I’ve been worrying, as only a mother can, about the variety in her diet. Since she’ll eat just about anything, I’ve been pureeing every vegetable I can think of into a thick paste with some sort of meat. I keep a fish version, a lamb version and a chicken version in the freezer and alternate which one she eats each day.
Although she is not picky in general, she is particular about what she eats at which time of day. For example, her afternoon meal has to be fruit, and she won’t eat savory food at dinner. So I can’t feed her a vegetable-meat puree at any other meal but lunch. She has a strong preference for oatmeal at dinner, to which I add pumpkin or squash, yogurt and a little fruit all pureed together.
She’s been eating probably two dozen bananas a month, and after a couple months of this I’m thinking it’s time to switch things up. The problem is, it is so cheap and easy! I buy a bunch, and by the time we run out, it’s time to go grocery shopping again any way. It takes less effort to mush a banana than anything else I’ve found (with avocados close behind, which is the one food she will not eat).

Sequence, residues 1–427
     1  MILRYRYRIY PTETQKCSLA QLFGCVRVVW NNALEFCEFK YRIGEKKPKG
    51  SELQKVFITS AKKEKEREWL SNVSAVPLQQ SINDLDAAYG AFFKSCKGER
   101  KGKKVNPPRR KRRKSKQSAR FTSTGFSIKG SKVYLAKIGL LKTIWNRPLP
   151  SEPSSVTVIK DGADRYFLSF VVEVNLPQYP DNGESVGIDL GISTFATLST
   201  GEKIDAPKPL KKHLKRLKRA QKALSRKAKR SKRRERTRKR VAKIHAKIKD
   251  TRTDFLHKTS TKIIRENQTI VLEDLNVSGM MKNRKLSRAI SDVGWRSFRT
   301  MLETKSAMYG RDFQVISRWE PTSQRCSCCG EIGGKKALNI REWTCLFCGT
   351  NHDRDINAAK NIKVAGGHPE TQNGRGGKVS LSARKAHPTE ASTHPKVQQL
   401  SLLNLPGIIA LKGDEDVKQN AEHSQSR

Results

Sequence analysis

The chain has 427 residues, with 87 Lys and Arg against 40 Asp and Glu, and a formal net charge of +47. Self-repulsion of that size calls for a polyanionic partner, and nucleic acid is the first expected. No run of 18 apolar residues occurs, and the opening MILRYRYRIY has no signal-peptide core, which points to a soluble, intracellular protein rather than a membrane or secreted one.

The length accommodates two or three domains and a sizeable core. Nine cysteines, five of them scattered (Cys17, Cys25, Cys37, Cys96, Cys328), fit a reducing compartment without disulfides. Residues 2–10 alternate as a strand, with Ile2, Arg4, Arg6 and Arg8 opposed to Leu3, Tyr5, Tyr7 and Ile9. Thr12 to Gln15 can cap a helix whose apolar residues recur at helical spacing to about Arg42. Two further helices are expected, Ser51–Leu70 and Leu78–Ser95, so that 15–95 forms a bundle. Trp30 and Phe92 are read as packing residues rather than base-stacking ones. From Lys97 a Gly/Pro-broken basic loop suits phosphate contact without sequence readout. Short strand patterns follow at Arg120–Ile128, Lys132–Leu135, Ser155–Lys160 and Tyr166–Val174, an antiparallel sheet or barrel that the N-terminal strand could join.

How do you mix things up? It’s hard to get out of the habit of making a big batch of oatmeal, since I know she likes it. Maybe it’s time to switch to another grain? Maybe buckwheat or quinoa or farro? Maybe all three at once? Do I add in lentils or legumes? It seems like making my own baby food is a slippery slope since there is an endless combination of ingredients to use. It can drive a mom crazy!
How do you keep your sanity while providing a variety of fruits and vegetables? How do you decide what “super-foods” to include versus “convenience foods”?
Earlier this month I decided to do a series of posts on salads, in hopes of finding some good new salad recipes.